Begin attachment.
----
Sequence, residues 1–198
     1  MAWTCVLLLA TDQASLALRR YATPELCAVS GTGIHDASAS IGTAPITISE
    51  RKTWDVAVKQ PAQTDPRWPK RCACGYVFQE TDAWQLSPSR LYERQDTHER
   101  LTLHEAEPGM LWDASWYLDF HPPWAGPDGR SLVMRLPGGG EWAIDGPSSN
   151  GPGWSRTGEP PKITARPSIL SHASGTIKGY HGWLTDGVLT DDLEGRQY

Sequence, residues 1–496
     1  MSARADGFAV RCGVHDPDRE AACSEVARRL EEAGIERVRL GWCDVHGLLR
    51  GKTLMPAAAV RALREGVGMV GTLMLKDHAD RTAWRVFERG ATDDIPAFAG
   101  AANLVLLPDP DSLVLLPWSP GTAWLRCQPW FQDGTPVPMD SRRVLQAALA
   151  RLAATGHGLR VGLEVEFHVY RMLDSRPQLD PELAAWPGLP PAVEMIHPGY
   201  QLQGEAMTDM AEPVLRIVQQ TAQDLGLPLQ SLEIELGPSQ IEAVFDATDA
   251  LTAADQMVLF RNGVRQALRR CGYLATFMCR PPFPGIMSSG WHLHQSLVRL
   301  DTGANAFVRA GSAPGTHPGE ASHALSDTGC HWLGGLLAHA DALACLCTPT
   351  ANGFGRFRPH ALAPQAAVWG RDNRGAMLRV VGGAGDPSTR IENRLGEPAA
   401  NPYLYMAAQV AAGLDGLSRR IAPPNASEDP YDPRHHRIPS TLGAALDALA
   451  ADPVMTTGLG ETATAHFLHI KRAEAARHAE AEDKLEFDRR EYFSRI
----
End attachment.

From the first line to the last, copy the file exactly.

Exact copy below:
Sequence, residues 1–198
     1  MAWTCVLLLA TDQASLALRR YATPELCAVS GTGIHDASAS IGTAPITISE
    51  RKTWDVAVKQ PAQTDPRWPK RCACGYVFQE TDAWQLSPSR LYERQDTHER
   101  LTLHEAEPGM LWDASWYLDF HPPWAGPDGR SLVMRLPGGG EWAIDGPSSN
   151  GPGWSRTGEP PKITARPSIL SHASGTIKGY HGWLTDGVLT DDLEGRQY

Sequence, residues 1–496
     1  MSARADGFAV RCGVHDPDRE AACSEVARRL EEAGIERVRL GWCDVHGLLR
    51  GKTLMPAAAV RALREGVGMV GTLMLKDHAD RTAWRVFERG ATDDIPAFAG
   101  AANLVLLPDP DSLVLLPWSP GTAWLRCQPW FQDGTPVPMD SRRVLQAALA
   151  RLAATGHGLR VGLEVEFHVY RMLDSRPQLD PELAAWPGLP PAVEMIHPGY
   201  QLQGEAMTDM AEPVLRIVQQ TAQDLGLPLQ SLEIELGPSQ IEAVFDATDA
   251  LTAADQMVLF RNGVRQALRR CGYLATFMCR PPFPGIMSSG WHLHQSLVRL
   301  DTGANAFVRA GSAPGTHPGE ASHALSDTGC HWLGGLLAHA DALACLCTPT
   351  ANGFGRFRPH ALAPQAAVWG RDNRGAMLRV VGGAGDPSTR IENRLGEPAA
   401  NPYLYMAAQV AAGLDGLSRR IAPPNASEDP YDPRHHRIPS TLGAALDALA
   451  ADPVMTTGLG ETATAHFLHI KRAEAARHAE AEDKLEFDRR EYFSRI